The 2019 Tribeca Film Festival kicked off this week and if you’ve ever been to a film festival before then you know how important it is to have a game plan to view as many movies as possible. Otherwise, you will end up suffering from exhaustion in the process.
Part of the reason many people need days of recovery after attending a film festival that is spread out over several locations is the lack of a plan. Here are The Shadow League’s choices of documentaries that you should check out this year for the culture.
“What’s My Name|Muhammad Ali” by Antoine Fuqua
Chronicling the extraordinary life of one of the 20th century’s most iconic figures, this two-part documentary explores Ali’s challenges and triumphs through recordings of his own voice. Directed by Antoine Fuqua and executive produced by LeBron James and Maverick, What’s My Name | Muhammad Ali premieres May 14 at 8PM on HBO.
Directed by Academy Award-winning director Antoine Fuqua, What’s My Name? uses archival footage to craft a documentary to tell a new generation the story of how Muhammad Ali changed his name from Cassius Clay and the backlash that he faced for it. What’s My Name is co-produced by LeBron James and Maverick Carter and will be released via HBO Sports. It premieres at Tribeca on April 28.
“Ashe 68” by Rex Miller
In this 360 VR feature, revisit the state of tennis — and America — that led to Arthur Ashe making history as the first black man to compete in the U.S. Open finals, as well as the path Ashe took as a trailblazer.
Beautiful documentaries are a staple of the Tribeca Film Festival, and Ashe 68 fits right in with that tradition. Though the world knew tennis legend Arthur Ashe as a civil rights activist who later died from AIDS contracted via a blood transfusion, but in 1968 he was still trying to become the first African-American man to win the US Open. When that occurred, a shift in socio-political sensibilities began taking place around the world. Ashe 68 is directed by Rex Miller. This year marks the 50th anniversary of his win in 1968.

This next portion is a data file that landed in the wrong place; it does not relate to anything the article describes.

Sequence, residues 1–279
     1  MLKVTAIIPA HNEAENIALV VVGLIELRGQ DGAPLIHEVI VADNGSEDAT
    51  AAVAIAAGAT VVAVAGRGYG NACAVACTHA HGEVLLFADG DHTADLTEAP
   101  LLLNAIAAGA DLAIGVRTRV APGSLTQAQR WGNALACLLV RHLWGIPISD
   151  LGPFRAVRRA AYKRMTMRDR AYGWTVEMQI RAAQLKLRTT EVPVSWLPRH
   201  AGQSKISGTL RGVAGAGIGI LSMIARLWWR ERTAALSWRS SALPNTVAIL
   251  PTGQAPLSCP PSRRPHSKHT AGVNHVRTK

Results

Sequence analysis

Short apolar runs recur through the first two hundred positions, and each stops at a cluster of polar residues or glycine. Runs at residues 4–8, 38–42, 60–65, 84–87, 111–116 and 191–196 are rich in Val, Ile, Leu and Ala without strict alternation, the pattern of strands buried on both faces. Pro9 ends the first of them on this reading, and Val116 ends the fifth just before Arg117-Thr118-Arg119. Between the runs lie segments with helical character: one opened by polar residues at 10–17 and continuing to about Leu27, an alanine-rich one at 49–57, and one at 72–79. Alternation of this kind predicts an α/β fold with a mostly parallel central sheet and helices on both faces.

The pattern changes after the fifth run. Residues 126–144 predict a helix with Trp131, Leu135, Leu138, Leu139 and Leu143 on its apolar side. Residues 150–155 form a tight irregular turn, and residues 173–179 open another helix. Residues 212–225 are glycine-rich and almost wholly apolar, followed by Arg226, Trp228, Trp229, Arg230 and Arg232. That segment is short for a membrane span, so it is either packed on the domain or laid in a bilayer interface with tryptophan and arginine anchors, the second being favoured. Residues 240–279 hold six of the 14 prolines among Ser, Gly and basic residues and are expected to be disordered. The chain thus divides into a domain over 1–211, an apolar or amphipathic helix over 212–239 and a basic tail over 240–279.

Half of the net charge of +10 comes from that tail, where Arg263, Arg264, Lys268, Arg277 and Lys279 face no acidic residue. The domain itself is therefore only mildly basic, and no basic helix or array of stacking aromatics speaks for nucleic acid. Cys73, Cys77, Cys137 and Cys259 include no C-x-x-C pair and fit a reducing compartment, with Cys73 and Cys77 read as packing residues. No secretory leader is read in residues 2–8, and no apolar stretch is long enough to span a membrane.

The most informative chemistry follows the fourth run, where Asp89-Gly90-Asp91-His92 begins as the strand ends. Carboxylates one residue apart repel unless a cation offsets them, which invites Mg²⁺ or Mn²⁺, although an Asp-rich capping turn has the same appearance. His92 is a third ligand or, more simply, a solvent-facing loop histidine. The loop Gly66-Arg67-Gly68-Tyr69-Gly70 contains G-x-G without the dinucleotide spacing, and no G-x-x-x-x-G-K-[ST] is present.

“A Kid From Coney Island” by Coodie Simmons and Chike Ozah
Coney Island, Brooklyn’s native son Stephon Marbury will be getting the documentary treatment yet again with A Kid From Coney Island, directed by Coodie Simmons and Chike Ozah, and featuring appearances by God Shammgod, Ray Allen, Fat Joe, and others. A Kid From Coney Island tells the story of a young boy who had been foreseen as an NBA star when he was 5-years-old. This pressure is further exasperated by the fact that his three older brothers were elite ballplayers in their own right, but never made it to the NBA.
“Wu-Tang Clan: Of Mics and Men” by Sacha Jenkins
Showtime Documentary Films dives deeper into the music documentary space with Wu-Tang Clan: Of Mics and Men, a four-part limited docuseries from filmmaker and Director Sacha Jenkins (BURN MOTHERF*CKER, BURN!) and produced by Mass Appeal, that transcends the music documentary genre by creating a new lane that merges music, socio-cultural commentary and intimate family portrait.
Directed by Sacha Jenkins, Wu-Tang Clan: Of Mics and Men is a four-hour documentary to be released on Showtime to coincide with the 25th Anniversary of the release of Up From the 36 Chambers, the ground-breaking debut album of the original 9-man crew. It’ll be at Tribeca but you won’t get a chance to see it again until May when it premieres on Showtime.
“At the Heart of Gold” by Erin Lee Carr
Featuring exclusive interviews with survivors of the 2017 sexual abuse scandal, the documentary looks at the shocking stories of the gymnasts who made courageous efforts to reveal a dangerous system that prioritized winning over everything. At the Heart of Gold: Inside the USA Gymnastics Scandal premieres May 3, 2019 at 8pm ET.
At the Heart of Gold, directed by Erin Lee Carr, is a sobering look at the modern USA Gymnastics team and the virtual industrial complex and how, while rearing champion gymnasts, their myopia and negligence made it possible for many of our nation’s best athletes to be sexually abused in the hundreds. The doc uses first-person interviews and archival footage to paint a picture of corruption, exploitation, and corruption the likes of which have been unheard of to date.